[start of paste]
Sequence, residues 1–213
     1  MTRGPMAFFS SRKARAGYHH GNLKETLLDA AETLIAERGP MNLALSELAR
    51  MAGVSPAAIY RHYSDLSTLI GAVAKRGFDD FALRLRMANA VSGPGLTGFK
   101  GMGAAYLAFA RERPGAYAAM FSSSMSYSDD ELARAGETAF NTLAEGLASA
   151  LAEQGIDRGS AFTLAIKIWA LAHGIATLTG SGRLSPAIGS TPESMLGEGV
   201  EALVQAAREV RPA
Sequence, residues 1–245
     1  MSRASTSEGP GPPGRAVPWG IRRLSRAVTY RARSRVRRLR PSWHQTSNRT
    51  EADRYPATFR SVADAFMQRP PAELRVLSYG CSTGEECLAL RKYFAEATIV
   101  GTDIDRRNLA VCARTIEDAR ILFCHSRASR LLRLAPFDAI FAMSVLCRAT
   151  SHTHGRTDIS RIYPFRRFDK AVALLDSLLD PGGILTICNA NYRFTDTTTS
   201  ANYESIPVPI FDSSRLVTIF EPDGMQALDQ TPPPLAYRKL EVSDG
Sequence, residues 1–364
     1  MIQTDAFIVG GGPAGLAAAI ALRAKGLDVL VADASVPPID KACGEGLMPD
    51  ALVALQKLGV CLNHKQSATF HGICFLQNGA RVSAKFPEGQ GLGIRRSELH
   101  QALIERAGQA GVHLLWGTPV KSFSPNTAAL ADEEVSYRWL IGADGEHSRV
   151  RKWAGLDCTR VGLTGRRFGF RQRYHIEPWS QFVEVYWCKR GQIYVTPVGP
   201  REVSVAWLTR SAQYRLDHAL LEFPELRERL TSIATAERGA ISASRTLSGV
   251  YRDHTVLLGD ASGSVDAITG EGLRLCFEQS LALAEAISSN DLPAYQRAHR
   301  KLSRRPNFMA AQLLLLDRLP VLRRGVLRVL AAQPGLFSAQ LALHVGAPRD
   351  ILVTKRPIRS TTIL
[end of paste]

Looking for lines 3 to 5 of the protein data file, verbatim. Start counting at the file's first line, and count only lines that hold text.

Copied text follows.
    51  MAGVSPAAIY RHYSDLSTLI GAVAKRGFDD FALRLRMANA VSGPGLTGFK
   101  GMGAAYLAFA RERPGAYAAM FSSSMSYSDD ELARAGETAF NTLAEGLASA
   151  LAEQGIDRGS AFTLAIKIWA LAHGIATLTG SGRLSPAIGS TPESMLGEGV